The IRS Sets a Trap for Cryptocurrency Tax Cheats
The tax collector is making it a lot harder to pretend you don't have bitcoin or other virtual currencies hidden away somewhere
Cryptocurrency holders, beware: A surprising change to your 2020 tax form is about to strip away excuses for ignoring the tax rules on bitcoin, ether or other digital currencies.
The Internal Revenue Service plans to alter the standard 1040 form by putting this question on the front page: At any time during 2020, did you sell, receive, send, exchange or otherwise acquire any financial interest in any virtual currency? The taxpayer must check the box "Yes" or "No."
The crypto question first appeared on the 2019 tax form, but on a part of the return that not all filers had to answer. Now it's moving to the 1040's most prominent spot, just below the taxpayer's name and address.
The IRS's move is a strong warning to millions of crypto holders who aren't complying with the law that they must file required forms they may see as burdensome and pay taxes they may think are unfair. It has impressed tax specialists.
"This placement is unprecedented and will make it easier for the IRS to win cases against taxpayers who check 'No' when they should check 'Yes,'" says Ed Zollars, a CPA with Kaplan Financial Education who updates tax professionals on legal developments.
Mr. Zollars notes that U.S. tax authorities have already succeeded with a similar strategy: A simple tax-return question about offshore financial accounts greatly aided their crackdown on Americans hiding money abroad. Since 2009, it has brought in more than $12 billion from individuals.
By changing the position of the crypto question and having all 1040 filers respond to it, the IRS making it much harder to claim ignorance of the rules. Lying on a tax return is a bad idea because filers sign returns under penalty of perjury, and juries often side with the IRS when it's clear a taxpayer has lied.
The change to the crypto question and other recent actions show the IRS is taking cryptocurrencies seriously as a threat to the tax system, whether the noncompliance is by enthusiasts who owe little or by sophisticated international criminals. In two recent nontax criminal cases--one involving theft by North Korea and the other involving the sale of child pornography by a Dutch national--the IRS has provided key assistance because of its growing expertise in cryptocurrencies.
The agency is right to be worried about noncompliance, say specialists. Coinbase, a leading cryptocurrency exchange and custodian, said it had 35 million total accounts as of July. Chainalysis, a firm that provides crypto investigations software, estimates there were at least 3.1 million active accounts using the popular bitcoin currency in the U.S. between June 2019 and July 2020.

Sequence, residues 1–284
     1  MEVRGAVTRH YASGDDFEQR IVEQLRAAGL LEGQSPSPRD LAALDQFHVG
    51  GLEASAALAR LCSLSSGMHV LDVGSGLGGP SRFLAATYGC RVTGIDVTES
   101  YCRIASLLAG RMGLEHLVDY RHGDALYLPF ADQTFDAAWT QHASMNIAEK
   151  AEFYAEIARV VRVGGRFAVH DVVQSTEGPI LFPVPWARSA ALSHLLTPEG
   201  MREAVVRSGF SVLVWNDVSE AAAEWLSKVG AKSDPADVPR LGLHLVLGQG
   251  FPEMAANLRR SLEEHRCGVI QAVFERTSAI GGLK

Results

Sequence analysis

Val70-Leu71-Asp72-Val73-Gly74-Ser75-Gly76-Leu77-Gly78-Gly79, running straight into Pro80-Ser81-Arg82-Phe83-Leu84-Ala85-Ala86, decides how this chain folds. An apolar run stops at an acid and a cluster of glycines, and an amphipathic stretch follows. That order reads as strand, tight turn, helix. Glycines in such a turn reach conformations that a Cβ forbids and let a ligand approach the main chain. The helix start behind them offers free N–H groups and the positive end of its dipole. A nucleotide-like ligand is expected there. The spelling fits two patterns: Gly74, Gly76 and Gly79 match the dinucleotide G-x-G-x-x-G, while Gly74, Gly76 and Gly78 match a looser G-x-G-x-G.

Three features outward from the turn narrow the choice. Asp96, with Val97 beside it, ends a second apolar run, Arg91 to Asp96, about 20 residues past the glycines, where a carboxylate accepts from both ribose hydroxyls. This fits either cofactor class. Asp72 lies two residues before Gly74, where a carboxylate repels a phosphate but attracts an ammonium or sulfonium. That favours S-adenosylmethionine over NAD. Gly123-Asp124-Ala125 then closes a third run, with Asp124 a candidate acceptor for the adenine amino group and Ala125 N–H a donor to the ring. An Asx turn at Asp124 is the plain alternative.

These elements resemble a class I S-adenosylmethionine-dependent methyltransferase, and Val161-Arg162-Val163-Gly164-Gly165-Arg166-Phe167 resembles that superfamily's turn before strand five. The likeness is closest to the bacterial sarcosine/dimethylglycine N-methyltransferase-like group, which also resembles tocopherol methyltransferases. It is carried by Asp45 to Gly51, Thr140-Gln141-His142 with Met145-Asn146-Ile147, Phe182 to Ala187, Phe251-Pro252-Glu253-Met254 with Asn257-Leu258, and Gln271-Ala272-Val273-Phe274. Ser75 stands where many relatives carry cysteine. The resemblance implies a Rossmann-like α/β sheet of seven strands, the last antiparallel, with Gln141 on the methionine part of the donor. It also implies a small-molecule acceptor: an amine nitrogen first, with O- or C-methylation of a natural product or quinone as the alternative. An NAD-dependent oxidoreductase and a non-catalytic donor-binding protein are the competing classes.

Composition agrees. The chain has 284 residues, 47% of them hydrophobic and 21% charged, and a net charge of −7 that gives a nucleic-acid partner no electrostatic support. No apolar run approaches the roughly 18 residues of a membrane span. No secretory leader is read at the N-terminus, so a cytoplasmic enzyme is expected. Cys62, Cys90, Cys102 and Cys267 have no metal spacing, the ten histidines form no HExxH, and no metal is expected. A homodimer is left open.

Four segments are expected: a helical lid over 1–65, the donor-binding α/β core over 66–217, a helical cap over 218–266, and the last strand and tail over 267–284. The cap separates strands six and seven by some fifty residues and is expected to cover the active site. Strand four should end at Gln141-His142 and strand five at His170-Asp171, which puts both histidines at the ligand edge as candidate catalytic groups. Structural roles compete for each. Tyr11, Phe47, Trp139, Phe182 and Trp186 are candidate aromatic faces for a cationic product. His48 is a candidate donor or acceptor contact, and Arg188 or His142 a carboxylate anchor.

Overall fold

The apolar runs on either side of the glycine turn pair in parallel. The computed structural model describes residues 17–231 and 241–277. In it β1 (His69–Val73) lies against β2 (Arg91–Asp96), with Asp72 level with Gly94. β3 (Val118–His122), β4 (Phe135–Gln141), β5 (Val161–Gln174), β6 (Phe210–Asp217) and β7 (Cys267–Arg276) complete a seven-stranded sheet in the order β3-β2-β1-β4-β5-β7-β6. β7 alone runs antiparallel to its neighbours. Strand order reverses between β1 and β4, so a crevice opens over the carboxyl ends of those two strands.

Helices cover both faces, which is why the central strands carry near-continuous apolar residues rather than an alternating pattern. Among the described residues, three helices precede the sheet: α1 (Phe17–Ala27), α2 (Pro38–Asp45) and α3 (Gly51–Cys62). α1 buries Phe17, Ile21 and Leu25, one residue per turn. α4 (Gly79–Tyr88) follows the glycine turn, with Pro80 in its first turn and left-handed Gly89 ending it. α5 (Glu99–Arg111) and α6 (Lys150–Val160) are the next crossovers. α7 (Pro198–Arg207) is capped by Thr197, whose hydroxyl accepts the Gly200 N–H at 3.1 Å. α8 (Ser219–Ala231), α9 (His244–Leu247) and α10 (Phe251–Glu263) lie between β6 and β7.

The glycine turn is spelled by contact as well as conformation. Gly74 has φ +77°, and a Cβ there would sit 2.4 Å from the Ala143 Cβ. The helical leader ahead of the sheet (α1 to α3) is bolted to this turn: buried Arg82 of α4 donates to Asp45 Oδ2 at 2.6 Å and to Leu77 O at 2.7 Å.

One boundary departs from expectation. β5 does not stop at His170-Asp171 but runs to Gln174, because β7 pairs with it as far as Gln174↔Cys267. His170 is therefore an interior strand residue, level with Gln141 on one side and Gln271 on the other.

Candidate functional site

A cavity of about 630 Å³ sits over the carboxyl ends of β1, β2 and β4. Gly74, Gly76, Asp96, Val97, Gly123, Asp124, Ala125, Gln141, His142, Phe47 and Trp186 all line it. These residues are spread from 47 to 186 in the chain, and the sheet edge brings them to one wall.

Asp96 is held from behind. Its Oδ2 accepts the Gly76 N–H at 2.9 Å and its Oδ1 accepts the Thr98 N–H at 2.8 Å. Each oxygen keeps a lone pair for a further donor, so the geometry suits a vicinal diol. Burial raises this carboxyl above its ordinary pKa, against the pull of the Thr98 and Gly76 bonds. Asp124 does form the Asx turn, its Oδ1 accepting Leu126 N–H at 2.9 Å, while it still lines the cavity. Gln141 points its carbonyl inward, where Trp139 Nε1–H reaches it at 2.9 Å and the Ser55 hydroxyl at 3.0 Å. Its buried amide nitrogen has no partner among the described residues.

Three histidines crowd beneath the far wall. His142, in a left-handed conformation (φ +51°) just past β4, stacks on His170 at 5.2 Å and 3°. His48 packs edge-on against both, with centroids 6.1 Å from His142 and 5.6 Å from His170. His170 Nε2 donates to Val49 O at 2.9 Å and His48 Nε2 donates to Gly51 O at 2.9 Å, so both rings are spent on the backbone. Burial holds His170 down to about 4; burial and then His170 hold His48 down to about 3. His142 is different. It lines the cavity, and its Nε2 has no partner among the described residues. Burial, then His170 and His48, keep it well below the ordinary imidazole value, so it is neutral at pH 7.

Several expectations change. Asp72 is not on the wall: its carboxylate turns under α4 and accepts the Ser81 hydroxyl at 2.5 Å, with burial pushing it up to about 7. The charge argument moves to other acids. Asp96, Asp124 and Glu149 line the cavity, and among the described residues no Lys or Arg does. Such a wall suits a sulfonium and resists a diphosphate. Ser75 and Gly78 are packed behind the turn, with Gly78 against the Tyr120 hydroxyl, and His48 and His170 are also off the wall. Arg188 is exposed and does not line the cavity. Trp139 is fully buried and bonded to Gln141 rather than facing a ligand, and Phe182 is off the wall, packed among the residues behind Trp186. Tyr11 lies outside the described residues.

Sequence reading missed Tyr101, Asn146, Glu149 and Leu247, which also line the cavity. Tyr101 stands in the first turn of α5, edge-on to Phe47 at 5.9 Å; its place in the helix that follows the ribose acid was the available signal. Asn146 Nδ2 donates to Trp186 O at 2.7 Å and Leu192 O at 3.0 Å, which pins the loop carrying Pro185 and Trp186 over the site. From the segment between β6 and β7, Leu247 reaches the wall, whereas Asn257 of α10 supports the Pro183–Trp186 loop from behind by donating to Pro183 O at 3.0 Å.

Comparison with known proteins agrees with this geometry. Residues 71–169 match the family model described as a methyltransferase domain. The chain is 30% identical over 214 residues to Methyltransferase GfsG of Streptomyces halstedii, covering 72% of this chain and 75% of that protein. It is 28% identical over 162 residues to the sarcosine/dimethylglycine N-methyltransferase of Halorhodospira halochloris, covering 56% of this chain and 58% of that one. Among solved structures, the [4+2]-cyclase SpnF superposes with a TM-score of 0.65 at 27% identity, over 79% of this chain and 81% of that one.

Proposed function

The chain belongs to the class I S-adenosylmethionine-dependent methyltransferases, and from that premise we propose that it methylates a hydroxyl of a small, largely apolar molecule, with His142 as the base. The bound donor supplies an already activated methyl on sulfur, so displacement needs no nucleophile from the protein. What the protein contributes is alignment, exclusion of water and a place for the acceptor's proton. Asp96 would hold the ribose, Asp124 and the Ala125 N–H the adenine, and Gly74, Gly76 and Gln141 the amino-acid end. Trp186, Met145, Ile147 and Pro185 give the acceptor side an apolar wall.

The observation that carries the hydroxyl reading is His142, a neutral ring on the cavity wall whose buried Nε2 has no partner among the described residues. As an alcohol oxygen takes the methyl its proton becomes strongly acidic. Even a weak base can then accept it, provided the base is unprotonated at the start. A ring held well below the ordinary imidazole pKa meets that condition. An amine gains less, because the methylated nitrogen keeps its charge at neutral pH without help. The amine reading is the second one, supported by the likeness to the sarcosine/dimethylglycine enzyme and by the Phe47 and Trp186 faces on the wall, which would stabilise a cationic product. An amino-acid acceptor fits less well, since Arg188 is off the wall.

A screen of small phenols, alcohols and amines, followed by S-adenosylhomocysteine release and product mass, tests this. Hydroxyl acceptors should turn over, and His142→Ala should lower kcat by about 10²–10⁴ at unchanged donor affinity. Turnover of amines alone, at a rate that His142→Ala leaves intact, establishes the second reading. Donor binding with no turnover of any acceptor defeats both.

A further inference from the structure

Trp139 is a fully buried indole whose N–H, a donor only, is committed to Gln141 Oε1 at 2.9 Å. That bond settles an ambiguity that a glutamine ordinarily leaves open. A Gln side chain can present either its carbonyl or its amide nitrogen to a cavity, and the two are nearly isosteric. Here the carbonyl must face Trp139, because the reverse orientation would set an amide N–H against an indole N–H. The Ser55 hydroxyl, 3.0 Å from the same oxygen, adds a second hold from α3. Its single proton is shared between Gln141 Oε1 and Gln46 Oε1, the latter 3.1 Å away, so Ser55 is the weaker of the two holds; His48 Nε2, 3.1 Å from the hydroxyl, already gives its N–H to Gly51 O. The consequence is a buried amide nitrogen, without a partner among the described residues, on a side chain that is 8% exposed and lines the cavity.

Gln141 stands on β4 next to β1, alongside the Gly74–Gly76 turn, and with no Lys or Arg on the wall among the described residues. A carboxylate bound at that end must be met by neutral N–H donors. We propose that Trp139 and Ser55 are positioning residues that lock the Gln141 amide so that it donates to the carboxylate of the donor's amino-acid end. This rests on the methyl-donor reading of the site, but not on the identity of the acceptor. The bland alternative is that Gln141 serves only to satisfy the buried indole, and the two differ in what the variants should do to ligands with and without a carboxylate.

The IRS won't say how many taxpayers have checked the crypto box for 2019. But Dan Hannum, chief operating officer of ZenLedger, a crypto tax-prep software firm, thinks a total of fewer than 150,000 crypto owners filed required tax forms for 2017, 2018, and 2019, based on his industry knowledge.
For their part, many crypto users are angry with the IRS's guidance, which treats bitcoin, ether and their kin as property rather than currency. So if a crypto holder uses it to buy something or exchanges one cryptocurrency for another, there's usually a capital gain or loss to report on the tax return.
"Buying a sandwich with cryptocurrency shouldn't be a taxable event," says Sean Cover, a New York City cryptocurrency holder who works in finance for a nonprofit group. He says that in 2017 he had more than 500 transactions on several platforms, and it took him 10 hours to prepare his crypto tax forms even though he paid for special software.
Like some members of Congress, Mr. Cover supports a $200 threshold before crypto transactions would need to be reported. The IRS says it's up to Congress to change the law.
Tax professionals also have concerns. Earlier this year, the American Institute of CPAs sent the IRS officials a 28-page letter taking issue with its guidance that said the crypto received from reorganizations called forks and marketing giveaways called airdrops can be taxable to recipients. It asked for other clarifications as well, such as for reporting offshore holdings of cryptocurrencies.
Meanwhile, the IRS is forging ahead with other crypto compliance measures. Earlier this month, it offered rewards up to $625,000 to code-breakers who can crack so-called privacy coins like Monero that attract illicit activity because they claim to be untraceable.
In late August, the agency released guidance affirming that taxpayers who receive crypto for completing "microtasks" must declare it as income. This applies to users of firms like StormX, which makes tiny payments in crypto to people who do small tasks such as playing games, answering surveys, or evaluating products.
The IRS is also sending a new round of letters to crypto holders who may not have complied with the tax rules, expanding on last year's mailing of about 10,000 letters. Tax specialists say the recipients are often customers of Coinbase, which was ordered by a federal court to turn over information on some accounts to the IRS.
Chandan Lodha, the chief operating officer of Cointracker, a software firm selling crypto tax-prep services, says many of its new customers are seeking help not just with 2019 forms (due Oct. 15 for taxpayers with extensions) but also for earlier years--presumably to amend prior returns.
He adds, "Based on what we're seeing, people are starting to get scared."